In July, 1887, he undertook tests crowned with success between Weston and Waterville on the cable of the “Commercial” Company; the apparatus experimented with was a double Baudot installed in duplex. The Baudot transmitters and receivers were substituted purely and simply for the recorder.
On August 8, 1890, he assured, on a single wire, discrete relations between the three towns of Paris, Vannes, and Lorient, inaugurating at this date the spread-out posts that were later so much generalized. On April 27, 1894, he established, always over a single wire, communications between the Paris stock exchange and the Milan stock exchange, and at the same time between the central Paris and central Milan, and invented for this occasion the retransmitter. On January 3, 1894, he served with a triple apparatus the underground wires from Paris to Bordeaux that functioned painfully with the Hughes telegraph system.
The Baudot apparatus installed at the Universal Exhibition of 1878 won him the great gold medal and the unanimous congratulations of the engineers of the entire world. The Baudot telegraph system was employed progressively in France, and then in other countries; Italy was the first to introduce it, in 1887, in its interior service; Holland, in 1895; Switzerland in 1896, Austria and Brasil in 1897, England in 1898, Germany in 1900, Russia in 1904, the British Indies in 1905, Spain in 1906, Belgium in 1909, the Republic of Argentina in 1912, and Romania in 1913. The British Post Office adopted it for a simplex circuit between London and Paris in 1897. The inventor obtained the knight’s cross from the Legion of Honor in 1879, and was made an officer in 1898.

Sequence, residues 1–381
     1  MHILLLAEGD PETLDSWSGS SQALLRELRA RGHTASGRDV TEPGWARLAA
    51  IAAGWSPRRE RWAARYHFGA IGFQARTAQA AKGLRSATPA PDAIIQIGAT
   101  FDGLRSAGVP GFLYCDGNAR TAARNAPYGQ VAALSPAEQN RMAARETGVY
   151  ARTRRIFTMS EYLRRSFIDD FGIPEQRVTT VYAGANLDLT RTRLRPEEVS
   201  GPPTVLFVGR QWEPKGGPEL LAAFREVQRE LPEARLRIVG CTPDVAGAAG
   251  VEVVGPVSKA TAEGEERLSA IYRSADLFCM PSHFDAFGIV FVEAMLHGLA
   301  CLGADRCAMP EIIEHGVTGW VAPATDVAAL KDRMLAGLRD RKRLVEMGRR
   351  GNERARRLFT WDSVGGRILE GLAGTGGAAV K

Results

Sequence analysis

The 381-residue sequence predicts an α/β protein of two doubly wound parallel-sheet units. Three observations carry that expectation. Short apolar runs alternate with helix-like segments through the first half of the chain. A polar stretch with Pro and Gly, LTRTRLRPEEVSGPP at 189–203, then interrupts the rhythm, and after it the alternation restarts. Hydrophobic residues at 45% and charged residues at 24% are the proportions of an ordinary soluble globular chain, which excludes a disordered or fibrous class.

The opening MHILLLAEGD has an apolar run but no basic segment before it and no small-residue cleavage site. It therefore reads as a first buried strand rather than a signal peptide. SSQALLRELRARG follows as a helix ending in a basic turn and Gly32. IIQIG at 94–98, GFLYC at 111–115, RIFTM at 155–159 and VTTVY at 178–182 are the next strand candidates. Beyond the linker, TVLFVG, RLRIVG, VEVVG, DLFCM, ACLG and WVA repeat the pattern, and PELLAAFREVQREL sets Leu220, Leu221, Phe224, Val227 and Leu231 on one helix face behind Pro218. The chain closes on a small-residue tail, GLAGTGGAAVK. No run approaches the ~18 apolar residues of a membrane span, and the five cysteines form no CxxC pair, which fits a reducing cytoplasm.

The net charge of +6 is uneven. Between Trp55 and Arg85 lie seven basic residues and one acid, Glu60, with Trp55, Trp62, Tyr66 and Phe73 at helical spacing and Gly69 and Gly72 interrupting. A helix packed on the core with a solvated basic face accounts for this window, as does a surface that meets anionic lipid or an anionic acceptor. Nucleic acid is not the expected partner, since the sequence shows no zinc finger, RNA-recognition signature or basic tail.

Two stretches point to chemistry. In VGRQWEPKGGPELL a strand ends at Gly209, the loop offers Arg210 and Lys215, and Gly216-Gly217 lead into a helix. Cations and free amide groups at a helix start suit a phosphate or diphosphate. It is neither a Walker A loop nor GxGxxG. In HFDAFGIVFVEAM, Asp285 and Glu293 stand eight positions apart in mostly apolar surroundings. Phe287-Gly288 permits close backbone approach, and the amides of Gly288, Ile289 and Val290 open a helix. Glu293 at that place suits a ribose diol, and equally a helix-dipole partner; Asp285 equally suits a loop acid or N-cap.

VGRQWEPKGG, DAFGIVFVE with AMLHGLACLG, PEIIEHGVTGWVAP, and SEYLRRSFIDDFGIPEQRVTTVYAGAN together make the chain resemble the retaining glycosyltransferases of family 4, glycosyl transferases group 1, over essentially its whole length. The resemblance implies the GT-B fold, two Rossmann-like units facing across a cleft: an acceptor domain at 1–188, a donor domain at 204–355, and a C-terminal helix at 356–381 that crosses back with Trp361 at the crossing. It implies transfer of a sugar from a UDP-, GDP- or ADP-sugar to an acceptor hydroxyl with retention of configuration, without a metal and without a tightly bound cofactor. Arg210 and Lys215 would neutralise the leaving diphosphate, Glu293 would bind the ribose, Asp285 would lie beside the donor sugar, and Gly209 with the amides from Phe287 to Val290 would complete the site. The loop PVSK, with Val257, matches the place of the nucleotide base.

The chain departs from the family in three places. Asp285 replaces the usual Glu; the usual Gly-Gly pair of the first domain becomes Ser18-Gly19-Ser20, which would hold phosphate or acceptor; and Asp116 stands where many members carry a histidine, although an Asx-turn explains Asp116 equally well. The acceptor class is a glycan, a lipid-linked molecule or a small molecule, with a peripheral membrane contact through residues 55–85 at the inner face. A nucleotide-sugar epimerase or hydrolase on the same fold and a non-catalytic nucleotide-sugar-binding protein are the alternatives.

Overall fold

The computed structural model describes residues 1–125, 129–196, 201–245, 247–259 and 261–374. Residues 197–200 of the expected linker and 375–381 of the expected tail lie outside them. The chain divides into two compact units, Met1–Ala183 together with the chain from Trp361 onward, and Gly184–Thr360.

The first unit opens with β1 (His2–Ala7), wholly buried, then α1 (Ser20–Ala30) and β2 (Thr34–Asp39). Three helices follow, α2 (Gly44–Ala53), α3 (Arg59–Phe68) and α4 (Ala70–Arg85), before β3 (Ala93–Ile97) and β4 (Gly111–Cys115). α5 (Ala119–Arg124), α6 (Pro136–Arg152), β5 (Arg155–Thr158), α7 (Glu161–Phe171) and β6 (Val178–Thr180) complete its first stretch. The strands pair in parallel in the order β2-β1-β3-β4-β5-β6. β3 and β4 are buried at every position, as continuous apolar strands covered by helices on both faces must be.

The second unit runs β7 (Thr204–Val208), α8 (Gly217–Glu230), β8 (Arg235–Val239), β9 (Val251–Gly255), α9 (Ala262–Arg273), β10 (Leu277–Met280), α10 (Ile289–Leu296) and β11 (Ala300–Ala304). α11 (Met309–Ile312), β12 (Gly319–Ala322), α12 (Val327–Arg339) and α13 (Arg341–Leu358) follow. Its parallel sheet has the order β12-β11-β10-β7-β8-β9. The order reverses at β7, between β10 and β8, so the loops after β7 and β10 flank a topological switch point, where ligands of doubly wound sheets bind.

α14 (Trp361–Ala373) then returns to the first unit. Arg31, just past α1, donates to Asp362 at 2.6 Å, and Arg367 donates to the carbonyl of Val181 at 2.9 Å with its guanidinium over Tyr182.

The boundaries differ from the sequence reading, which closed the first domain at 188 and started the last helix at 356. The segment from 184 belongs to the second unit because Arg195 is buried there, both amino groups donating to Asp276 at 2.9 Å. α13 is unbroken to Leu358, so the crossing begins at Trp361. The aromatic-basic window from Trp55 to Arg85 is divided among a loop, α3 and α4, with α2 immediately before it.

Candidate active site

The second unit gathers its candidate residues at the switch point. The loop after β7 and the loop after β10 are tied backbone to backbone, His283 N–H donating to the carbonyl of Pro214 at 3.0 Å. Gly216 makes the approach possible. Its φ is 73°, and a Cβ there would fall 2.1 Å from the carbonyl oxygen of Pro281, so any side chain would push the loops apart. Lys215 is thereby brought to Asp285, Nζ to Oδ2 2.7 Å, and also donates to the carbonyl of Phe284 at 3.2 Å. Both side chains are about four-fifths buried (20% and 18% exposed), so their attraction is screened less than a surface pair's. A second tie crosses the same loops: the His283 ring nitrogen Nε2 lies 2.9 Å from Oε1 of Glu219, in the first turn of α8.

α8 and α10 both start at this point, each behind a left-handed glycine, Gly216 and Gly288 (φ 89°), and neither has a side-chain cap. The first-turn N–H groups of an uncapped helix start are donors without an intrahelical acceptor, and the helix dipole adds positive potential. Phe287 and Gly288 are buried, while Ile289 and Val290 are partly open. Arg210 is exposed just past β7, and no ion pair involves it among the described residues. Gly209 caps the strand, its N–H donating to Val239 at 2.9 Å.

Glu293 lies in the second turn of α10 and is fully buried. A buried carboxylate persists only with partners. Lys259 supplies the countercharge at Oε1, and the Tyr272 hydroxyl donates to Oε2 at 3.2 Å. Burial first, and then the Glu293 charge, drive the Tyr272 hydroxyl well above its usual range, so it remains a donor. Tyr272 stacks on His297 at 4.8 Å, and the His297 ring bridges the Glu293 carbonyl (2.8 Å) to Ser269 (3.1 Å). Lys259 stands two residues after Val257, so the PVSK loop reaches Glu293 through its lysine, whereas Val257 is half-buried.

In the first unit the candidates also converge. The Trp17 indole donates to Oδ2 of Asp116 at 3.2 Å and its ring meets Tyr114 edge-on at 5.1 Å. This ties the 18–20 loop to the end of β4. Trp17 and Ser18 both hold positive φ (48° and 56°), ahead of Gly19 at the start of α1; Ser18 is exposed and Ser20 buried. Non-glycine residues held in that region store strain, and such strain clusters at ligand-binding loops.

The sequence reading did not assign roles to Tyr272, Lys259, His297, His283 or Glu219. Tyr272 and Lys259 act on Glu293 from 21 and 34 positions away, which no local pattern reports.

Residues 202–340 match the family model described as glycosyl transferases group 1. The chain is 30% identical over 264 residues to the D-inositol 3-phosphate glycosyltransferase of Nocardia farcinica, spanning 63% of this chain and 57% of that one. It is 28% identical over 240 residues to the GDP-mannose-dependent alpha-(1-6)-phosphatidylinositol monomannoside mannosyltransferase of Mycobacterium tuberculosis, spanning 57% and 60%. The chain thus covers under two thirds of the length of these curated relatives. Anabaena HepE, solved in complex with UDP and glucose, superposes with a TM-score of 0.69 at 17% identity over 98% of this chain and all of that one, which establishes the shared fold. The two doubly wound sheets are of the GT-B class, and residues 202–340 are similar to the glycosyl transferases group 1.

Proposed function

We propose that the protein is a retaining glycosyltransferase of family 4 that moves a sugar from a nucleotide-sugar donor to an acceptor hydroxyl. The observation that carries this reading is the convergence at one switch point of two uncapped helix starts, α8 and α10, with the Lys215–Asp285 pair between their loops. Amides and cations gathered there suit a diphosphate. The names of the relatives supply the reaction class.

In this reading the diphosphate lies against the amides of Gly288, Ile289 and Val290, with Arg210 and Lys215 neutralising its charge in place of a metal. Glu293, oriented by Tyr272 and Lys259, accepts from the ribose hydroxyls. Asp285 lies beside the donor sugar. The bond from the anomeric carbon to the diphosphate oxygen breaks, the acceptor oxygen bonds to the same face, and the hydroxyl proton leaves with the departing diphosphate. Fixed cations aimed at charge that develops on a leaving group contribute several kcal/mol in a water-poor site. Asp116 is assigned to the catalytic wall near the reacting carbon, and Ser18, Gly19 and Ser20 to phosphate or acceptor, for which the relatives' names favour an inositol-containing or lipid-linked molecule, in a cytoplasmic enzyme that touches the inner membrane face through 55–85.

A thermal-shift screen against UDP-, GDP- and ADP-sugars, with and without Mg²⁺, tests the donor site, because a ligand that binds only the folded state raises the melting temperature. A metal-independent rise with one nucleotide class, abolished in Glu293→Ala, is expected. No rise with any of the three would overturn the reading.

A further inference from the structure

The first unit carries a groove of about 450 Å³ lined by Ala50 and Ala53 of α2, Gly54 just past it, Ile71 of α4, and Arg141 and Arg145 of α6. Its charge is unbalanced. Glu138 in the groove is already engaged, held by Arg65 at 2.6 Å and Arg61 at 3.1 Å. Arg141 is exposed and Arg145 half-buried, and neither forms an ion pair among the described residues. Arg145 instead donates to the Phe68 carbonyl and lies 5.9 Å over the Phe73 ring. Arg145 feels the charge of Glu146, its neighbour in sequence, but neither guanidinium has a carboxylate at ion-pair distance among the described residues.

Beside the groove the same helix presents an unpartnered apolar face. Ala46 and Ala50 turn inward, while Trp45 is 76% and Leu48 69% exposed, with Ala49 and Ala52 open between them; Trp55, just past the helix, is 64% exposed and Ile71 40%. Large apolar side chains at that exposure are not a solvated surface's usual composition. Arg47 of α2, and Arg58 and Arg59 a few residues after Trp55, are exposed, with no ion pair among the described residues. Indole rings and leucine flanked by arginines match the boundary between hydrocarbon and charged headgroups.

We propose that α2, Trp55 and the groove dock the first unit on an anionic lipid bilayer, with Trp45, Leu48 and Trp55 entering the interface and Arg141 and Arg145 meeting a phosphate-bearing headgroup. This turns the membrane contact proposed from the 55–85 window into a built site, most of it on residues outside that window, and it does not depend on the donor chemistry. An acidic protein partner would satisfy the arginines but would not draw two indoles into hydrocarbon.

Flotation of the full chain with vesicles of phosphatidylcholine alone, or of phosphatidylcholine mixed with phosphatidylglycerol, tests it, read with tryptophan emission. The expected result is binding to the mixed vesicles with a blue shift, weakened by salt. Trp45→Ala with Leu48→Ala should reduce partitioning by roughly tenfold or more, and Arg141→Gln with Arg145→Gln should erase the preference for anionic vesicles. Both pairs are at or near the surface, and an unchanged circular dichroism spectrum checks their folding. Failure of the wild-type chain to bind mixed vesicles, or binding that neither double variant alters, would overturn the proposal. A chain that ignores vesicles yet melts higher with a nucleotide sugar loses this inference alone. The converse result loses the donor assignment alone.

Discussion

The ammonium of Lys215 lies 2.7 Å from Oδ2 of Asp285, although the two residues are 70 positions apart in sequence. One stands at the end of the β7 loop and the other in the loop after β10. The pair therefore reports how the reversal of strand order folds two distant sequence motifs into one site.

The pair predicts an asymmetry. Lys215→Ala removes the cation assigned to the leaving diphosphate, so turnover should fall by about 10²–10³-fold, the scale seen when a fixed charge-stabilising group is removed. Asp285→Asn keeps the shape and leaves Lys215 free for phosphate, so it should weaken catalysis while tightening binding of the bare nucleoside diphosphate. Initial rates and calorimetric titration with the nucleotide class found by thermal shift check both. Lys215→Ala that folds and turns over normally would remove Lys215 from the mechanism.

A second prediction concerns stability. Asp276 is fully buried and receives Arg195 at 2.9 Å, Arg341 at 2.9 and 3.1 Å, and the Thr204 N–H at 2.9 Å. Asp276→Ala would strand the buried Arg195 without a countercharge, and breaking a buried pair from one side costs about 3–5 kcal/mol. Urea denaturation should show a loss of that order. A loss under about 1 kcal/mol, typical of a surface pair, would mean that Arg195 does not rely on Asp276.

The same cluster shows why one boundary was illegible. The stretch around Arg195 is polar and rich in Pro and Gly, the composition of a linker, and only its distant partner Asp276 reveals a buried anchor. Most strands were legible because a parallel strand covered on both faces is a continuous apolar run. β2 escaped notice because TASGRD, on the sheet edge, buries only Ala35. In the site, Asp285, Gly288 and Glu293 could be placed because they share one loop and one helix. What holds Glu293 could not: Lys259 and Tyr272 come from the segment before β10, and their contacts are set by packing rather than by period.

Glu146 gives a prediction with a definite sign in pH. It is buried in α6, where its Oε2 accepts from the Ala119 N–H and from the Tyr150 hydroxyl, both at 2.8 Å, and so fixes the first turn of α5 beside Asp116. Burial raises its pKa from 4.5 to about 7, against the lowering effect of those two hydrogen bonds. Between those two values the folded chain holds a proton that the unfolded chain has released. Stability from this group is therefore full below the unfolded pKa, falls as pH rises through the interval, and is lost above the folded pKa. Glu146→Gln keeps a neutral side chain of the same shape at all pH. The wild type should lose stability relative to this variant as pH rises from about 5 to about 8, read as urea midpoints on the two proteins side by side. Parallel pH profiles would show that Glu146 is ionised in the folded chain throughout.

In these times, Mr. Baudot solved with his apparatus the most varied and the most interesting problems. However, Baudot has little help from the French Telegraph Administration to improve his system. Very often he had to find the financial source for his research in his own pocket. For example, in 1880 he sold his great gold medal received on the International Exhibition of Paris in 1878 to perform further research on the telegraphy.
Baudot died on March 28, 1903, at Sceaux, France, near Paris, at the age of fifty-seven, after a long time illness.
A unit for the speed of telegraph transmission, Baud, was named after Baudot (Baud is short for Baudot). Baud was the prevalent measure for data transmission speed until replaced by a more accurate term, bps (bits per second). One baud is one electronic state change per second. Since a single state change can involve more than a single bit of data, the bps unit of measurement has replaced it as a better expression of data transmission speed. In English, 45.5 baud is about 60 words per minute (wpm).
French post office released a special stamp devoted to Emile Baudot in 1949 on the occasion of the International Congress of Telegraph and Telephone. However, this stamp has been printed with an error – Baudot was born in 1845, but not in 1848 as it was claimed on the stamp. The stamp has been corrected and printed again with a different color. However, the erroneous stamps still circulate among the philatelists and they have higher value than the corrected stamps.
A telephone card with a portrait of Emile Baudot and with a picture of his telegraph unit memorizes the French inventor.